I recently met Stephanie Ann Warner at an event at the BC Archives. She’s created a great blog featuring photographs of her grandfather Harold Monks who, at age 21, emigrated from England to Vancouver Island. Her latest post includes some wonderful candid photographs taken of Harold and other Vancouver Island volunteers at Camp Petawawa in 1917.
One of the men in these photos is Neil “Ross” McCannel, a Signaller in the Canadian Field Artillery, who died on Nov. 6 1918, just five days before the Armistice. His casualty report read:
“On the evening of November 6, 1918, he and another Signaller were repairing a break in the line, when a 4.1 shell exploded directly behind them mortally wounding Signaller McCannel in the thigh and he died almost immediately.”
When Ross’s parents received word of his death they were still mourning the loss of another son, Ross’s older brother Donald Morgan McCannel, a gunner in the C.F.A. who died on Sept. 27, 1918.
Ray Brewster was the son of the late British Columbia Premier Harlan Carey Brewster and the man who snapped the photos appearing in Stephanie’s post. Tragically Ray was killed in action less than a week before Ross, on Nov. 1 1918. His casualty report read:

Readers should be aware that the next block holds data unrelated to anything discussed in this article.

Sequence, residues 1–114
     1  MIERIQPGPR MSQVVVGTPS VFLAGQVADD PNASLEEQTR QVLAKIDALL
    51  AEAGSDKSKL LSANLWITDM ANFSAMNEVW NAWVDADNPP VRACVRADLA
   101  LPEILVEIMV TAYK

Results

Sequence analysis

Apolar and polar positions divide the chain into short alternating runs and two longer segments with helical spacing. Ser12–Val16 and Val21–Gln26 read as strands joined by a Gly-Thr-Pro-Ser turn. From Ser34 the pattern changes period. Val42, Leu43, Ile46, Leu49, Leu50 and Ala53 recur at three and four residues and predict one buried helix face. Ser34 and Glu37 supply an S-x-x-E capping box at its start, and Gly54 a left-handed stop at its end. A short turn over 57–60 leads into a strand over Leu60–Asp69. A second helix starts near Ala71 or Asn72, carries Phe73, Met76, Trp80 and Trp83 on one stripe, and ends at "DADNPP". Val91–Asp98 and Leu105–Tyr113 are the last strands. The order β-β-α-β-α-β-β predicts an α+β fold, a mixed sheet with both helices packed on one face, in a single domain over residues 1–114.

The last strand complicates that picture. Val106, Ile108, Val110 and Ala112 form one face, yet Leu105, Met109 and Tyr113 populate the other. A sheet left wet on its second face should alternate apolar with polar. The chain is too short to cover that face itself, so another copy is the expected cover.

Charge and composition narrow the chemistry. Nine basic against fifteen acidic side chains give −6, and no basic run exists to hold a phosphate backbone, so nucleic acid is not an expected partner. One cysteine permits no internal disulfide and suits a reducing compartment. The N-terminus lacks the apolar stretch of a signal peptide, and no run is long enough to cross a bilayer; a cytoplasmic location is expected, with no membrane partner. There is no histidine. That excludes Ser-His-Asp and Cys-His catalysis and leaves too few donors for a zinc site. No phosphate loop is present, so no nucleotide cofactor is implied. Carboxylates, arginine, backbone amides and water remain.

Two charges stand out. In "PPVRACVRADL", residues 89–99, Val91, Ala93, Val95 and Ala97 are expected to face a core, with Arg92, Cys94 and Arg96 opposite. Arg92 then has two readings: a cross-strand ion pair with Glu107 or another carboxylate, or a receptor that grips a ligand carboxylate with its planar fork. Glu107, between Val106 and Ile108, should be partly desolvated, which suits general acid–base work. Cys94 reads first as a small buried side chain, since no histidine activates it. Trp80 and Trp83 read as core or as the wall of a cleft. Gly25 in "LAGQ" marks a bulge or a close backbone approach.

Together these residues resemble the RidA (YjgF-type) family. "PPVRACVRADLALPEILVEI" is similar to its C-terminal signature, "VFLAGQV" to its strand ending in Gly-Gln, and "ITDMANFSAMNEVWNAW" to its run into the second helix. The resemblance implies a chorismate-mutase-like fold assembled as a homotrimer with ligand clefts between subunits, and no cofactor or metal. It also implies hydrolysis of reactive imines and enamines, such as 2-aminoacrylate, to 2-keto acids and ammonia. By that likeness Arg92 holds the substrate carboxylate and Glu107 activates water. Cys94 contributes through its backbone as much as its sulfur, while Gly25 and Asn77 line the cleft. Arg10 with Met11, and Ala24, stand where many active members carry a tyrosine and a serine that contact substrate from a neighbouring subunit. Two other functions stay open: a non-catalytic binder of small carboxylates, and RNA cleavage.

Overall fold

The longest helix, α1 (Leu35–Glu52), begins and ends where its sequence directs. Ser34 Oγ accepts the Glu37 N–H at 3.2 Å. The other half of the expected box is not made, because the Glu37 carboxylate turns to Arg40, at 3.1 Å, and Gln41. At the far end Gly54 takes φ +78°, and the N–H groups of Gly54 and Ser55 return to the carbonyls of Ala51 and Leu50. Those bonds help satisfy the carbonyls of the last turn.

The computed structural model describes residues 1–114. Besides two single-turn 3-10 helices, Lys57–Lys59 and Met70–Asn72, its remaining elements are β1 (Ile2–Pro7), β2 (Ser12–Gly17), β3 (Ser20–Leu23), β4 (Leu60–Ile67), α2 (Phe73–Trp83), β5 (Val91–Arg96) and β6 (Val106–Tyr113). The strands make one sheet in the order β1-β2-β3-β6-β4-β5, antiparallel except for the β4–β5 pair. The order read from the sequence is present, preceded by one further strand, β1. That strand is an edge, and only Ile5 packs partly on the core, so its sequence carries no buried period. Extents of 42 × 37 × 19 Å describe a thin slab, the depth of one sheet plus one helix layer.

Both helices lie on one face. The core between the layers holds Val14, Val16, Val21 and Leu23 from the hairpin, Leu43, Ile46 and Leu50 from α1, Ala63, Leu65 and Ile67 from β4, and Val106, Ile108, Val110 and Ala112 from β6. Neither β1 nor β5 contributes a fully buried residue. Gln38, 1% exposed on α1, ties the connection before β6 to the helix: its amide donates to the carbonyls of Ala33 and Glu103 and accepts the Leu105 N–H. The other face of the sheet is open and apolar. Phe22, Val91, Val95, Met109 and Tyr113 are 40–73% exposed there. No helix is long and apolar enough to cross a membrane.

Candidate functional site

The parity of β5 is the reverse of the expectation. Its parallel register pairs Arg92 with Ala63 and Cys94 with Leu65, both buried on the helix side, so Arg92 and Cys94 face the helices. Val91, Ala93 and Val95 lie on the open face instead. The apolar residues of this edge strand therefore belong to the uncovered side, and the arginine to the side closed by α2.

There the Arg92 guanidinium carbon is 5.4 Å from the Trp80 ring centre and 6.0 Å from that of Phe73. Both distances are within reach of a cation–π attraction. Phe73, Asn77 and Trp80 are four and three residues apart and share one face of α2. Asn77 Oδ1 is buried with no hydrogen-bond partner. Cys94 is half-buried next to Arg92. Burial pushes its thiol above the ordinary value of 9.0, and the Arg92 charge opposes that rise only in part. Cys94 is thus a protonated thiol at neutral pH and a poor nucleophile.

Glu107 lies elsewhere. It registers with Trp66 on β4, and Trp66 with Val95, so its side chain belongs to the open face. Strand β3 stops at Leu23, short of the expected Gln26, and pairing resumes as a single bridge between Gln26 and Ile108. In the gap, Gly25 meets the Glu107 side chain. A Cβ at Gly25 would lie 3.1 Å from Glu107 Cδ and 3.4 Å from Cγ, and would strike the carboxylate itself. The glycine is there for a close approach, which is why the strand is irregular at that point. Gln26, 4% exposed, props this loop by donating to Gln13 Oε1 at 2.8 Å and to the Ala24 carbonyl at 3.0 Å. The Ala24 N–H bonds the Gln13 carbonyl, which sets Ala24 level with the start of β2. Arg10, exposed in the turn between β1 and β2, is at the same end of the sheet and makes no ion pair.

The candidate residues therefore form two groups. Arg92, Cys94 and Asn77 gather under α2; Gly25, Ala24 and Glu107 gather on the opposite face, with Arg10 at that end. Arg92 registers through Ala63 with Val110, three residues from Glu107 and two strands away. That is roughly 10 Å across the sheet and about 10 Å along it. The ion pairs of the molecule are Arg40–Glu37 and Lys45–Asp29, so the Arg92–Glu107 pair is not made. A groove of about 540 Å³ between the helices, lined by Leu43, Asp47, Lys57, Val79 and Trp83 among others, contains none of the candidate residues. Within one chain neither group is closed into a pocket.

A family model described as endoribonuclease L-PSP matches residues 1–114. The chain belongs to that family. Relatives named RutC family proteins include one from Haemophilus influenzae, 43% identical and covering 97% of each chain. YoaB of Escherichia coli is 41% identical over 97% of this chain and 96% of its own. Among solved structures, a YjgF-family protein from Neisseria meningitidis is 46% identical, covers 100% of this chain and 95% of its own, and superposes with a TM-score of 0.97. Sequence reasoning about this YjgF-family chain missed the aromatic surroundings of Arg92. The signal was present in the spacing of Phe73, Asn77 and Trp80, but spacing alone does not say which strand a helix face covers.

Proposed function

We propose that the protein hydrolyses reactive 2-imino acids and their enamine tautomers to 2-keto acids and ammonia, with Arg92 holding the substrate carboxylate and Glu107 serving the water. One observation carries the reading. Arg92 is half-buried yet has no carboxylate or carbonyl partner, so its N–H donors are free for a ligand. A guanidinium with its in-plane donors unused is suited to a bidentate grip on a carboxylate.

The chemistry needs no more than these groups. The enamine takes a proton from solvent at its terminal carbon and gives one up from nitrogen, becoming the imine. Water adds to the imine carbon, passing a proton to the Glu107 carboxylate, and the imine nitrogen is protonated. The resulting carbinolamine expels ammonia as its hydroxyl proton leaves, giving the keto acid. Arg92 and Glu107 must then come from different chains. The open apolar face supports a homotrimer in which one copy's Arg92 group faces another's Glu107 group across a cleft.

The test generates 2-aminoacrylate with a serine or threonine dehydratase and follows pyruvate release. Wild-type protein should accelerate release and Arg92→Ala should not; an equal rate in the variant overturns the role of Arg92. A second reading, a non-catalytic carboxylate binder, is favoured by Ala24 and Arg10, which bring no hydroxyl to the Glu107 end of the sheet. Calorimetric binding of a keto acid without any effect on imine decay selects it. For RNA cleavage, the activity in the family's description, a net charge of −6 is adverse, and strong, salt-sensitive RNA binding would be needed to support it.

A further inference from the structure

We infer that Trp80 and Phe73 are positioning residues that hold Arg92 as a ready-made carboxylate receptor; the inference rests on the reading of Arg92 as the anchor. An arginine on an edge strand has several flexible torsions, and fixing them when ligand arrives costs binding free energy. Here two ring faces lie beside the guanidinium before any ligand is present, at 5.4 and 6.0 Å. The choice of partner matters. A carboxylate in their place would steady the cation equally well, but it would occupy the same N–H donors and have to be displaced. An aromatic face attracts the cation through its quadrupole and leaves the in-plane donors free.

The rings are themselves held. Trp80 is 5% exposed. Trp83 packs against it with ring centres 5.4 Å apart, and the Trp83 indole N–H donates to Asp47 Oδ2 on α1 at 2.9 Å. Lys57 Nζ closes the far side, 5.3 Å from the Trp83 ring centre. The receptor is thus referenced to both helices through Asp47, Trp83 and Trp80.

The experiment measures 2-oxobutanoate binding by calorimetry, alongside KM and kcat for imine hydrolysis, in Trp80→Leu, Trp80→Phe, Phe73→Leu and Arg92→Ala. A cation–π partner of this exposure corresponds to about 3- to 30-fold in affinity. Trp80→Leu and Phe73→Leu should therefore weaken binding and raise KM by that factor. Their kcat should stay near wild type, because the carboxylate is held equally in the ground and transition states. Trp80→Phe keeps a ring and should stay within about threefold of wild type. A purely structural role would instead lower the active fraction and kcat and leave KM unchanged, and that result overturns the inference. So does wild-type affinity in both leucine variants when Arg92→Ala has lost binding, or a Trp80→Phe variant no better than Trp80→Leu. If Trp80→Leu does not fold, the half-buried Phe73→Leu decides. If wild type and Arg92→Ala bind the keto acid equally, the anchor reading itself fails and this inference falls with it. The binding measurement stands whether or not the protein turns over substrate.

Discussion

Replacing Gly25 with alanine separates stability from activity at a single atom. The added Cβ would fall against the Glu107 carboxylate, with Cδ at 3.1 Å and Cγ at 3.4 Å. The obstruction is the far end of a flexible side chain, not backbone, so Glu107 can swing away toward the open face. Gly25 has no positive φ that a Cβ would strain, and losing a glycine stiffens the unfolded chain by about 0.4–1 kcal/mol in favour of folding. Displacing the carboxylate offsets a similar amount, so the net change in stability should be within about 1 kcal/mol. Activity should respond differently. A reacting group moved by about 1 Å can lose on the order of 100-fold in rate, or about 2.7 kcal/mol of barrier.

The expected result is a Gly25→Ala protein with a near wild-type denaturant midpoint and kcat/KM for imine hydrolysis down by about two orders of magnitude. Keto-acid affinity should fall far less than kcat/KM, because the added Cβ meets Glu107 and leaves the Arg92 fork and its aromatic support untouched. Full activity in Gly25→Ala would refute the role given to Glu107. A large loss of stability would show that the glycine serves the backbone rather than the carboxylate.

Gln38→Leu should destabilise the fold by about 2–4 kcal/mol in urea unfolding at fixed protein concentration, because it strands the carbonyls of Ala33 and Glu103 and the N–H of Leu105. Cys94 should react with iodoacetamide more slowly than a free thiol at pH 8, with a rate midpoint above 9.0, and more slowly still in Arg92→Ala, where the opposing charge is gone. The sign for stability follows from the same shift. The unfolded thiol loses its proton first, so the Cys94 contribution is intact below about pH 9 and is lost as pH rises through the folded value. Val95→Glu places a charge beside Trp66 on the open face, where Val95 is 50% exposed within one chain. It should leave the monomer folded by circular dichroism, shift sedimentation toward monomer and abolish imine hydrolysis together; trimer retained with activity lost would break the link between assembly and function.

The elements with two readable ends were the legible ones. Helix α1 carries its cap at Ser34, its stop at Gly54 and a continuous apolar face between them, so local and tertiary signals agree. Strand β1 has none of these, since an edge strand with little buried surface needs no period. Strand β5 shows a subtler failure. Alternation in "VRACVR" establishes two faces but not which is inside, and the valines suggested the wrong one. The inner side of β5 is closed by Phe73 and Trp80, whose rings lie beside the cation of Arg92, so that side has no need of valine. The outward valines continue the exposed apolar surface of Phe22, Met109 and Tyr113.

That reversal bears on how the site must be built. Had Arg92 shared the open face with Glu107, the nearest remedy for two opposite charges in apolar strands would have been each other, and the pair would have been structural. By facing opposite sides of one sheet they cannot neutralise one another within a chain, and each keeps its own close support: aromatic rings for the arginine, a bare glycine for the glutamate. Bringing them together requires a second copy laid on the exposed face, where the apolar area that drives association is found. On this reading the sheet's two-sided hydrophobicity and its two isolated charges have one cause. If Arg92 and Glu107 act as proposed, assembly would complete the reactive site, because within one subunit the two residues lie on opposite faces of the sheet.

“The Battery to which Gunner Brewster belonged was in action in an advanced position doing heavy firing, when the gun he was working on received a direct hit from a 5.9 shell, causing instantaneous death to all the crew, who were doing splendid work at the time.”
Brothers Ross and Don are buried 60km apart however Ray lies just 100 feet away from Ross at the Valenciennes (St. Roch) Communal Cemetery.
Categories: Guest Articles, Photographs
Thanks for re-blogging. My exploration of Harold’s war memorabilia show that he seems to have had a good time in the army and kept those happy memories for years to come in his photo albums. He also kept in contact with many of the soldiers’ mothers (and sisters) after the war.